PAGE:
• Exhibit D: A few days ago the  LAPD gunned down an unarmed mentally ill man after a high-speed car chase. His hands were up and he had his back to the officers when they killed him.

    That's hardly all, but I've got to stop there, because eventually even the Internet runs out of space. The moral of the story, if there is one to be found in this depressing morass: We really need to take a serious look at training and what's considered "common" police procedure in practice -- not just what's in the handbooks. These shootings are a failure of both the police at an organizational level and our legal system. If officers aren't being properly taught how to move through their jobs without resorting to deadly force at the drop of a hat, then the police are in need serious re-training. And it's not just the training, it's the distribution of consequences and incentives -- which means the legal system is equally culpable. Why not solve every problem with deadly force when your reckless actions can be so casually shifted to mentally ill man wandering through traffic? That's the message the Assistant District Attorney is sending by charging Mr. Broadnax with felony assault as opposed to the officers. Is it any wonder these incidents are happening with alarming frequency?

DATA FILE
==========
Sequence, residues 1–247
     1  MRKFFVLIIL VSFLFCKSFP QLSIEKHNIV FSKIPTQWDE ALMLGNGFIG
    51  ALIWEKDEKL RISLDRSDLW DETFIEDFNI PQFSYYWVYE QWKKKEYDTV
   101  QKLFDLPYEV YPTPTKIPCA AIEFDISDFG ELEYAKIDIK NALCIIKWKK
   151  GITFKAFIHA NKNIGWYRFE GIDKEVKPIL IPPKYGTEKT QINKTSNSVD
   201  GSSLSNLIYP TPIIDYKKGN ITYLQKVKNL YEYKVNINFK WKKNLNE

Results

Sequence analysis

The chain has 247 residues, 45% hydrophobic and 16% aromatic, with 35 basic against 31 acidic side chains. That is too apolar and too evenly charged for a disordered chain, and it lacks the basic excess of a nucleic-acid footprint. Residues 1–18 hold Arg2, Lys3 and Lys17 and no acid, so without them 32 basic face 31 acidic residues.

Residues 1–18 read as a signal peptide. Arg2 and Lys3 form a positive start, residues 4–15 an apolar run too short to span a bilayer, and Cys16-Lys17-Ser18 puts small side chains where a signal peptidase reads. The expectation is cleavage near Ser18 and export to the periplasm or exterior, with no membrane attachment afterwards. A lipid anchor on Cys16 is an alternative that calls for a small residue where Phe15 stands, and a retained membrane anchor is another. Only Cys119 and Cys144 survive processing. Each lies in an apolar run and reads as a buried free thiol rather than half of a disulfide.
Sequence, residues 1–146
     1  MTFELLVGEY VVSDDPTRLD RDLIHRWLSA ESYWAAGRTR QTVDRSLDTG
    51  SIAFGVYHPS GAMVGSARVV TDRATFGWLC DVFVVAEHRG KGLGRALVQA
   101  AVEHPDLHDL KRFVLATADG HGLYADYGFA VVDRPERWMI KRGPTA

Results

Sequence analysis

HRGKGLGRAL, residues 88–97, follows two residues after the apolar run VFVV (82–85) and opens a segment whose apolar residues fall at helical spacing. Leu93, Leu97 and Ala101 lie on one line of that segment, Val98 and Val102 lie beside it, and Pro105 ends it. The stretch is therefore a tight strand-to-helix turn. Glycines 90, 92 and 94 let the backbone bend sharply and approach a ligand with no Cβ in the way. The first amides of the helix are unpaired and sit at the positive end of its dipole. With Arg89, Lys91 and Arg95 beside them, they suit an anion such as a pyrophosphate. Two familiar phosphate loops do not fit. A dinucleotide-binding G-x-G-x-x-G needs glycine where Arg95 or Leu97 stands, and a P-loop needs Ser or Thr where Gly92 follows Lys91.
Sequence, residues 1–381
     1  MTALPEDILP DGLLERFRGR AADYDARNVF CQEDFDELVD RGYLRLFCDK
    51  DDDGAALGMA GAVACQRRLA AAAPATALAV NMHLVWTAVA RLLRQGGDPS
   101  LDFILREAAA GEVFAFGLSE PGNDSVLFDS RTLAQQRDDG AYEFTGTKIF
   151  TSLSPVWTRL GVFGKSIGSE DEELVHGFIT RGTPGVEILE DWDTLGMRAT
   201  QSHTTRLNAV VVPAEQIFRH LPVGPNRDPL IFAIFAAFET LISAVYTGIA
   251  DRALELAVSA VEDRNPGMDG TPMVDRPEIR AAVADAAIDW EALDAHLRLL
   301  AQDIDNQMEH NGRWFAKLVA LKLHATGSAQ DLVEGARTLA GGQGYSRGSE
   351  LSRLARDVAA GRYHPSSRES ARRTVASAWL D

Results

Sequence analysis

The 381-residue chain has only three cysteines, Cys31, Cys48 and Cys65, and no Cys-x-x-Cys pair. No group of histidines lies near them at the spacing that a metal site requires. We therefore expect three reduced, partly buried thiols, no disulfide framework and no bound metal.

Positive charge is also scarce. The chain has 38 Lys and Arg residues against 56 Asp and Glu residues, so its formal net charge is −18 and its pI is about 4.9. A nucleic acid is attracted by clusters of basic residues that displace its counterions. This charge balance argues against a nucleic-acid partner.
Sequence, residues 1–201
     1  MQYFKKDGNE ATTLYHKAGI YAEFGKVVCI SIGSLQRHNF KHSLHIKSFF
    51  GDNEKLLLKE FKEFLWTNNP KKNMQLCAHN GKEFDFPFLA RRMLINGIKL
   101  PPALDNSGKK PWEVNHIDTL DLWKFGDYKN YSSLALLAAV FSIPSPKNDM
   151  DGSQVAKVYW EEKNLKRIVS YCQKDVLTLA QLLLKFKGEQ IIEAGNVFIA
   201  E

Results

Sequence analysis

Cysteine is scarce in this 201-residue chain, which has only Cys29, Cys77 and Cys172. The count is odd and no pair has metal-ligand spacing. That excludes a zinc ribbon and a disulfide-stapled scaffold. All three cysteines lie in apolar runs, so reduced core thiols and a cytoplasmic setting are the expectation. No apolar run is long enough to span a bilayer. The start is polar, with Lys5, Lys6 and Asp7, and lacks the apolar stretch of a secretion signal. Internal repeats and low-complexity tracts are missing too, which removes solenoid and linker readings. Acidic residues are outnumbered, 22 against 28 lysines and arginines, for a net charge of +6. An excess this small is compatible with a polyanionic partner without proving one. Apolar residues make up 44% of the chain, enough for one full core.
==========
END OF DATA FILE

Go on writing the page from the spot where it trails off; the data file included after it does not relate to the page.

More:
Squeeze first, ask questions last is a song lyric from the Notorious B.I.G. It's not supposed to be standard operating procedure for the police.